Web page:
Opposition leader expresses regret at use of letters to oust Tufton and Williams
Opposition Leader Andrew Holness is waiting on a report from a team of attorneys to determine his next step after the Constitutional Court's ruling last Friday that his use of pre-signed letters to oust Arthur Williams and Dr Christopher Tufton from the Senate was unconstitutional.
"I wish all Jamaicans to know that it was never my intention to act unconstitutionally. My action at all times was guided by attorneys-at-law, including the claimant, in whom I had reposed the utmost trust and confidence as persons competent in advising me on constitutional matters," Holness said in a release yesterday.
"My overriding consideration, as leader of the opposition, was in discharge of my duty to safeguard the spirit and intent of the constitutional provisions which provide for the protection of the Constitution from changes which may not be in the best interest of the Jamaican people.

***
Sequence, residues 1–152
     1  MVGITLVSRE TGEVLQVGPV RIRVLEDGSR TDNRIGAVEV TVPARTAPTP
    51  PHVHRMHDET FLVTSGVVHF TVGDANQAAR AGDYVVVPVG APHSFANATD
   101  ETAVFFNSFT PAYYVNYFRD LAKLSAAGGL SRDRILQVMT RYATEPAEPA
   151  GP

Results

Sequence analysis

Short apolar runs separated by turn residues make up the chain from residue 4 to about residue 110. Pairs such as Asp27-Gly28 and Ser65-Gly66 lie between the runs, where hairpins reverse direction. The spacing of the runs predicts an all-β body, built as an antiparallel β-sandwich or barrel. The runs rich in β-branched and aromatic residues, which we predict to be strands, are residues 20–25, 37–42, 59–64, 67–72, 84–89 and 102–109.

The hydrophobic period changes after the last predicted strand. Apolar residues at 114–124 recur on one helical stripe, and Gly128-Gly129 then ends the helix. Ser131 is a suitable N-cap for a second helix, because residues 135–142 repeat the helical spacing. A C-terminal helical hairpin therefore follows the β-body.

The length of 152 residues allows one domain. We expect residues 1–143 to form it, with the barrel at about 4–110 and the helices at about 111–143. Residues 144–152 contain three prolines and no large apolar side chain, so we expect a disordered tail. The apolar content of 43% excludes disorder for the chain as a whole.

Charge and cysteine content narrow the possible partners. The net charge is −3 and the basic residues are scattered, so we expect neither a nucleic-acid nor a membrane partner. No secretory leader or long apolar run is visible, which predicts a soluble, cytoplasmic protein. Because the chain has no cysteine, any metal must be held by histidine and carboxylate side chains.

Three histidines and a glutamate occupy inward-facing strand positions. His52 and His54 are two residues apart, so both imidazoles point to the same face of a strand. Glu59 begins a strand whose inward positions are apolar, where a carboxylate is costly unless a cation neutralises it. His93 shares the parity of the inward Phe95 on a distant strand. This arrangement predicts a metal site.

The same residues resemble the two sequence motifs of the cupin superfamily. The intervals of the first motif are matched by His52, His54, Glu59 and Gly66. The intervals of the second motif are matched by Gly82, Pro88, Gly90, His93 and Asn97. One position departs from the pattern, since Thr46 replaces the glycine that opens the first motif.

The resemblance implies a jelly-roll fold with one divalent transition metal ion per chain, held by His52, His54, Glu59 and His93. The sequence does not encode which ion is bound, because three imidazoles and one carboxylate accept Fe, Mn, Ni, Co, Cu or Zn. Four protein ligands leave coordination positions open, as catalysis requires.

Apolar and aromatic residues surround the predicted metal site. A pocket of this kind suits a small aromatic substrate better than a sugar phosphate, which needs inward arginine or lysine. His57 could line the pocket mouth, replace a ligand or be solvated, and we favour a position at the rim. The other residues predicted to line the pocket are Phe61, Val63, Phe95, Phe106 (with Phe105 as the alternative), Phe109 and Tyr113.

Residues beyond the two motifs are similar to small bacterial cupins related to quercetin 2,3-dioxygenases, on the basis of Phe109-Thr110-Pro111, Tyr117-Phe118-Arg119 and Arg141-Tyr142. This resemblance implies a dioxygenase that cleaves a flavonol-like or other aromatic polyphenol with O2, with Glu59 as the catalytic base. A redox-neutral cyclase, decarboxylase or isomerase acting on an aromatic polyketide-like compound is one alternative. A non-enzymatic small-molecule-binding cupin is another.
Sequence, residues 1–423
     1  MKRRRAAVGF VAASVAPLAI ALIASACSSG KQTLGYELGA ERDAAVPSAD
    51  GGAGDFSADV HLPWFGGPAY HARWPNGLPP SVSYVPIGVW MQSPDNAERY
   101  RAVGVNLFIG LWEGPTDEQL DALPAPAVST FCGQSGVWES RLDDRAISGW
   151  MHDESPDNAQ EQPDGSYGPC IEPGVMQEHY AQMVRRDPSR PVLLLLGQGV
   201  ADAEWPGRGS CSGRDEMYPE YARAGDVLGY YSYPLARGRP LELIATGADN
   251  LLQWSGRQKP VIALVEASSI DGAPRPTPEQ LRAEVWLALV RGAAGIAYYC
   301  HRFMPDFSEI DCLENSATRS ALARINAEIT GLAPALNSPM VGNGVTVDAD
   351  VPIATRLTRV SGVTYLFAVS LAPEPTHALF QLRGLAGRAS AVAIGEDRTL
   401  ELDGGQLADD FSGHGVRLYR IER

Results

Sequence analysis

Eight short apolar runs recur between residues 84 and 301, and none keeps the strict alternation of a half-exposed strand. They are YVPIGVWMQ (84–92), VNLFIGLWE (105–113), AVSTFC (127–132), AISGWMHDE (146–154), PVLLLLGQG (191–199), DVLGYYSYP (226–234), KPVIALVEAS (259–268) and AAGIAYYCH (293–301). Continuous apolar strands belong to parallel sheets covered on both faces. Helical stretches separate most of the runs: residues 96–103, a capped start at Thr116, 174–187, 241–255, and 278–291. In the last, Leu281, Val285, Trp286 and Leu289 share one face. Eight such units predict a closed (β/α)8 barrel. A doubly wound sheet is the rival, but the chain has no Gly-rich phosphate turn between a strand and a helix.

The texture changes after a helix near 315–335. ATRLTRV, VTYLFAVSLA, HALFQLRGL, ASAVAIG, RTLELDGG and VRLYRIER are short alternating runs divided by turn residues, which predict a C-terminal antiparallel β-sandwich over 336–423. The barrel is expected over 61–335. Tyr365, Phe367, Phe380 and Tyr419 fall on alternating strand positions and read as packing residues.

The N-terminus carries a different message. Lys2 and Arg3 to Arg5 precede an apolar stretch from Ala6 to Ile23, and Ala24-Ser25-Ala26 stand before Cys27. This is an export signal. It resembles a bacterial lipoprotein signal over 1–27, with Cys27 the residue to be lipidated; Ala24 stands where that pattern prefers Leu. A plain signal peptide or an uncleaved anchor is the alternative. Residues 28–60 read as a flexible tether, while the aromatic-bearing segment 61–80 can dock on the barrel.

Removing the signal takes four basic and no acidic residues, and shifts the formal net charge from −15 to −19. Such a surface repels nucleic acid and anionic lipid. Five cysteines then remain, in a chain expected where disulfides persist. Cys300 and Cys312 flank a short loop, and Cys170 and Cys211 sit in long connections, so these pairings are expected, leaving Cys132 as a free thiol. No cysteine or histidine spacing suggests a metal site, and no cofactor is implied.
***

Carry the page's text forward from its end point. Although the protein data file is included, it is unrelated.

"My action, therefore, in accepting the advice of the claimant, regarding resignation of senators, in that manner, was to ensure the effective administration of the government for the people, the necessity of which was recognised in the judgment at paragraph 64," added Holness.
He said once Williams questioned the validity of the letters signed by the senators he returned them "without exception, long before the court delivered its judgment".
"The entire situation is regrettable, including the embarrassment caused to all of us as a result.
"The ruling by the Constitutional Court is of such great importance that I have referred it to a team of attorneys to research and advise on any implications it may have on our constitutional arrangements and how it affects the spirit and intent of its framework in respect to the role of opposition and government senators," said Holness.